The global nature of this crisis means that solidarity and co-ordinated international action is in the interest of every country. Members of the Development Assistance Committee (DAC) agree, recognising ODA as “an important means of supporting national responses” to the pandemic and stating that DAC members will “strive to protect ODA budgets” during the crisis (OECD, 2020[16]). Increasing ODA volumes is more important than ever according to many other political and international groupings that have issued calls to action to ensure developing countries are not forgotten in the recovery, and recognise the need to scale up financing for this (G77, 2020[17]; DAC CSO Reference Group, 2020[18]).1 With the global economy predicted to shrink as a result of the COVID-19 crisis (OECD, 2020[1]), there is a risk that simply maintaining current (2019) ODA/GNI ratios will lead to an overall drop in finance. Civil society organisations have called on DAC members to increase ODA where possible and to uphold integrity of aid, human rights and effectiveness principles (DAC CSO Reference Group, 2020[18]).

Unlike private flows, official support for development, whether it is ODA, South-South co-operation, triangular co-operation or sovereign debt relief, could actually take a positive trajectory in this crisis. These flows are more easily shaped by political leadership, decisions and co-ordinated action that prioritise an inclusive global recovery. Greater transparency of grants and official lending to developing countries from other providers can also make a big difference for the recovery. At present, developing countries do not have a complete picture of all sources of financing for development, which can also undermine debt sustainability and macroeconomic stability (OECD, 2018[19]).

In nearly every decade since ODA began in the aftermath of World War II, the world has encountered significant economic crises. Throughout these challenges, ODA has proven the most stable source of external financing, particularly compared to private flows, which are more sensitive to economic shocks. Even though ODA may not be able to offset drops in other flows, its dependability is crucial to enable long-term planning within developing countries. It should be noted that the mix of external finance sources varies for developing countries of different income groups, with least developed countries (LDCs) more dependent on ODA than lower- or middle-income countries. As such, the particular situation of each country should be assessed.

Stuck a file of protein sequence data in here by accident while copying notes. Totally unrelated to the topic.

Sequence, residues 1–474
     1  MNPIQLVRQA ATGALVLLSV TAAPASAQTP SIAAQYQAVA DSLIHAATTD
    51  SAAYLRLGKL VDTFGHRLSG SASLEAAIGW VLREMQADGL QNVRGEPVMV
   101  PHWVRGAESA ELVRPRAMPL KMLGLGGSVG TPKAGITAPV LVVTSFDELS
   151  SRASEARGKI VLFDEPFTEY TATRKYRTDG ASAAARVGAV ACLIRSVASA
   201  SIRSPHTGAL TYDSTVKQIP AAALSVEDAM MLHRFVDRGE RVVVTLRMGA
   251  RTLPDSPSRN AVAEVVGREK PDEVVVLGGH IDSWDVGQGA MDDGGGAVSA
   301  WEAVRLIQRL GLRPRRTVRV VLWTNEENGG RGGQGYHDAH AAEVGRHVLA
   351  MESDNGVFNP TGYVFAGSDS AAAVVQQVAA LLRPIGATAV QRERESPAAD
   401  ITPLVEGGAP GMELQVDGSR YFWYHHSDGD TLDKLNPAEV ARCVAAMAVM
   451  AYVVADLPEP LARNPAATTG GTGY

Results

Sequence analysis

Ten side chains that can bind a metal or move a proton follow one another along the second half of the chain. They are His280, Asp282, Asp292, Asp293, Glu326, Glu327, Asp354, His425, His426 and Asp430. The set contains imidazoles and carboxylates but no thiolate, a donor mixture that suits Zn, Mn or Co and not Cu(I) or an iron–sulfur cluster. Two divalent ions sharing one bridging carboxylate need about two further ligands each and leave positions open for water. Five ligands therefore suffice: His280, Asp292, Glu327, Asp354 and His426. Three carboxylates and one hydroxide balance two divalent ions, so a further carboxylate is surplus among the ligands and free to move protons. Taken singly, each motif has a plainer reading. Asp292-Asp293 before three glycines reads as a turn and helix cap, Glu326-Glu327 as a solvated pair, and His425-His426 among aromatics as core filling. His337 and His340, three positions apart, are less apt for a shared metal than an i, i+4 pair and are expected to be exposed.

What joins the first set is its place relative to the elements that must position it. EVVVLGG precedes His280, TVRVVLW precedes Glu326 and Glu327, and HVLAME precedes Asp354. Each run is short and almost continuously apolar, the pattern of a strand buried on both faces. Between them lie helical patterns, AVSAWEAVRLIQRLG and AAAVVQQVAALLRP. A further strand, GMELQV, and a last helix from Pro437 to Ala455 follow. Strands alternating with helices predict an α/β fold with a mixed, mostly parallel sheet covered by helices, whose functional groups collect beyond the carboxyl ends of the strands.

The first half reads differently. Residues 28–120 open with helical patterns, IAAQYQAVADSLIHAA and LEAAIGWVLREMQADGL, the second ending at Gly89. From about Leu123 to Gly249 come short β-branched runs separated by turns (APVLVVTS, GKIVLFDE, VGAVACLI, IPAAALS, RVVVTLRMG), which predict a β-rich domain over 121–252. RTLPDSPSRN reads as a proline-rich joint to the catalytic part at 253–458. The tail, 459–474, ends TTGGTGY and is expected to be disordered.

The most influential drivers of ODA include political will, public support and mobilisation, the scale and nature of humanitarian and development needs, solidarity, and mutual interest in global development progress – as explained in the Development Co-operation Report 2019: A Fairer, Greener, Safer Tomorrow (OECD, 2019[7]). Sixty years of data on official development assistance show that ODA budgets and commitments are driven by a political willingness to respond to human needs and co-ordinate to meet internationally agreed goals. While economic recessions can cause ODA budgets to fall, particularly when they are strictly pegged to gross national income (GNI) levels, this outcome is not inevitable. Indeed, as outlined in the infographic above, throughout the economic crises of past decades, ODA has by and large remained resilient.

In the 1970s, OECD countries endorsed a target of 0.7% of GNI (OECD, 2020[20]), a goal which was later reiterated in the 2015 Addis Ababa Action Agenda (United Nations, 2015[21]). However, this collective aim has never been met (see chapter “ODA as a collective effort: latest trends”) and ODA has consistently hovered between 0.2% and 0.4% of GNI. Individual countries have reached or surpassed this target. In 2019, those countries were Denmark, Luxembourg, Norway, Sweden and the United Kingdom (OECD, 2020[22]). Countries from beyond the OECD have also been stepping up support for international development co-operation – growing the pie. For example, in 2019 the United Arab Emirates’ total ODA on a grant-equivalent basis stood at USD 2.2 billion, equivalent to 0.55% of GNI. Recent OECD estimates suggest that the People’s Republic of China’s (hereafter “China”) international development co-operation reached USD 4.4 billion in 2019). India, too, has provided significant levels of development assistance to neighbouring countries and particularly Afghanistan, where its more than USD 3 billion in development spending makes it the largest donor (OECD, 2019[7]). Furthermore, Indonesia has enhanced its South-South and triangular co-operation for trade and investment and advanced blended finance approaches internationally.